Cost of building a floating construction facility


#42

Sure, but tensile strength starts very low and increases and the fibers elongate as strain is applied. The Cement bond fails when the elongation is .1% where the fiber is exerting very little strength.

The engineering solution is to place the fibers in strain (prestressed) while the concrete cures and bonds to the fibers that significantly increases the tensile strength. The problem is that it is almost impossible to pre stress the fibers except on a straight shot.

Now let’s take Fiberglass and Epoxy for example and lets say the elongation is 5% and 6% respectively. Both will elongate up to the full tensile strength of the Fiberglass before failure. No pre stress required, no cracking or shrinking or deflection issues to worry about.

Let me give an example. let’s stretch a one foot wide quarter inch thick section of each across a 50 foot span in tension. I would have no concern at all walking across the Fiberglass and Epoxy plank, it would sag a little in the middle but It wouldn’t be anywhere close to failure.

I would let you walk across the Concrete and Basalt beam because each step you take will cause the Concrete to crack and by the time you make it to the other side it will be Fibers with bits of Concrete hanging off of it.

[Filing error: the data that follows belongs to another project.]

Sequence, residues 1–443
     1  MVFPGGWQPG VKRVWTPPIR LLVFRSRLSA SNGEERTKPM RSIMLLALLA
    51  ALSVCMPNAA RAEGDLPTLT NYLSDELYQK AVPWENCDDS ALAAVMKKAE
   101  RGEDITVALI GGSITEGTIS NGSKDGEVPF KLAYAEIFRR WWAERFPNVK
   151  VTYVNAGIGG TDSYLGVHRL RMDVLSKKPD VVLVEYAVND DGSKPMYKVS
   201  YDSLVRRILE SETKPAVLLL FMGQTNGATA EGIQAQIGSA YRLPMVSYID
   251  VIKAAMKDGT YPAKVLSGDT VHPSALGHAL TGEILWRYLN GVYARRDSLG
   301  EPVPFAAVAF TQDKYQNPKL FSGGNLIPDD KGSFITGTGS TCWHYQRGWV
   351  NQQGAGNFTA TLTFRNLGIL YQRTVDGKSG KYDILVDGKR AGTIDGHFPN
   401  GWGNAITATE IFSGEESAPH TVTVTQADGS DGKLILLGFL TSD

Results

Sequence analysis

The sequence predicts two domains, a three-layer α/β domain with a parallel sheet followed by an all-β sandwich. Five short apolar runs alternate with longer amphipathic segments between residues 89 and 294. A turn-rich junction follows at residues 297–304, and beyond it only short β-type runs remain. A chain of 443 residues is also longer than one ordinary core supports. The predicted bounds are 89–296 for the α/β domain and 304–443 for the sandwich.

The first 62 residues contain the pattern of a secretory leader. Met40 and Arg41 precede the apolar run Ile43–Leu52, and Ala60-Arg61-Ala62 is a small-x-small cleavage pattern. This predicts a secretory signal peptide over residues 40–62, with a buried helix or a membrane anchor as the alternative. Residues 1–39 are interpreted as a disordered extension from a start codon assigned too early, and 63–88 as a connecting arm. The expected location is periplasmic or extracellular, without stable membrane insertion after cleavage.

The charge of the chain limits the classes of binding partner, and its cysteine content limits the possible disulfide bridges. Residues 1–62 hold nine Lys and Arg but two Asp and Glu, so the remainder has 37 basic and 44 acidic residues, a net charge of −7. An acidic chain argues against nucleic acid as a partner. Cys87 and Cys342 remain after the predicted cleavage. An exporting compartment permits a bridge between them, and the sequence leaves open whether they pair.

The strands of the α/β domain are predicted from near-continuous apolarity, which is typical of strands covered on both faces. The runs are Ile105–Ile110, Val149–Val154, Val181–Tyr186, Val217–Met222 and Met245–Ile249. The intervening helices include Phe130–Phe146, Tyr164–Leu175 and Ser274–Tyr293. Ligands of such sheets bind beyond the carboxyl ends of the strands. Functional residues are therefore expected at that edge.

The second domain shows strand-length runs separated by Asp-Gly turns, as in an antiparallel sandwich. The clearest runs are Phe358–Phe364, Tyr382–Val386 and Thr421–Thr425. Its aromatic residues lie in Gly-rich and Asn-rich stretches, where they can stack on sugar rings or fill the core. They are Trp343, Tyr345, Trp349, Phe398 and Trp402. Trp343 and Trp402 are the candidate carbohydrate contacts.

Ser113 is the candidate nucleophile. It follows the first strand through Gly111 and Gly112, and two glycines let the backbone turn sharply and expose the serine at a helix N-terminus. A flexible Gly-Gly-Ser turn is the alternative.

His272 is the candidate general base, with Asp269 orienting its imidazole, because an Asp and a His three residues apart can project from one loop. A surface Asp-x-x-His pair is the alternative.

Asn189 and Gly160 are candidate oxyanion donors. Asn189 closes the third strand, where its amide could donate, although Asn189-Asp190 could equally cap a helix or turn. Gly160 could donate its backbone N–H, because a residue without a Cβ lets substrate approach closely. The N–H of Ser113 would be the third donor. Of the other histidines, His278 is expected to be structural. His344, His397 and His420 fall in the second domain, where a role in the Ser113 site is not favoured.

If you didn’t prestress the fibers it is likely that the cracks if sudden would exert enough force to break the fibers . . .


#43

Basalt rebar is a fiberglass composite. Basalt is a naturally occurring glass.


(noboxes) #44

Many long concrete bridge beams on
https://duckduckgo.com/?q=bridge+beam&t=ffsb&iax=images&ia=images


#45

Yes, it is a very good material and expensive, a much better choice than fiberglass with concrete.

How are you going to pre stress it in complex shapes?


#46

Yes very thick I beams and the Steel inside is pre stressed to thousands of pounds and they are primarily holding compression loads.

If you changed the fulcrum from the ends to the middle of the beams they would snap like twigs under load.

Did you know that some torpedoes are designed to explode underneath a hull? It breaks the hull open when it falls into the hole. Boat hulls have to be able to handle having their ends repeatedly dropped 20 to 30 feet or slamming into 30 foot walls of water. Not to mention the occasional concrete pier they get slammed into occasionally.